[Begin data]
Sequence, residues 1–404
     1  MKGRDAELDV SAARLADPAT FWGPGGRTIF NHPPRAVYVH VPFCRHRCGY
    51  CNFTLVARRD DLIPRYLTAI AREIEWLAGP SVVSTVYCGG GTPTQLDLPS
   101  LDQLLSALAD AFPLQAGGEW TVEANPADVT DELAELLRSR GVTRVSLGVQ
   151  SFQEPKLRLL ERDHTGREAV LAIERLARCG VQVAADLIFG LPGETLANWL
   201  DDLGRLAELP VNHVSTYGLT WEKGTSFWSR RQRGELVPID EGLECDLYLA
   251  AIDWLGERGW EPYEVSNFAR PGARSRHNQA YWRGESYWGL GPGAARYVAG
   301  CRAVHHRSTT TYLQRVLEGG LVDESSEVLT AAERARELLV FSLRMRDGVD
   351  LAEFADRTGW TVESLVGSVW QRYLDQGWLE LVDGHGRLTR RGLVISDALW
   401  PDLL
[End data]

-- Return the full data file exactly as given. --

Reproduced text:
Sequence, residues 1–404
     1  MKGRDAELDV SAARLADPAT FWGPGGRTIF NHPPRAVYVH VPFCRHRCGY
    51  CNFTLVARRD DLIPRYLTAI AREIEWLAGP SVVSTVYCGG GTPTQLDLPS
   101  LDQLLSALAD AFPLQAGGEW TVEANPADVT DELAELLRSR GVTRVSLGVQ
   151  SFQEPKLRLL ERDHTGREAV LAIERLARCG VQVAADLIFG LPGETLANWL
   201  DDLGRLAELP VNHVSTYGLT WEKGTSFWSR RQRGELVPID EGLECDLYLA
   251  AIDWLGERGW EPYEVSNFAR PGARSRHNQA YWRGESYWGL GPGAARYVAG
   301  CRAVHHRSTT TYLQRVLEGG LVDESSEVLT AAERARELLV FSLRMRDGVD
   351  LAEFADRTGW TVESLVGSVW QRYLDQGWLE LVDGHGRLTR RGLVISDALW
   401  PDLL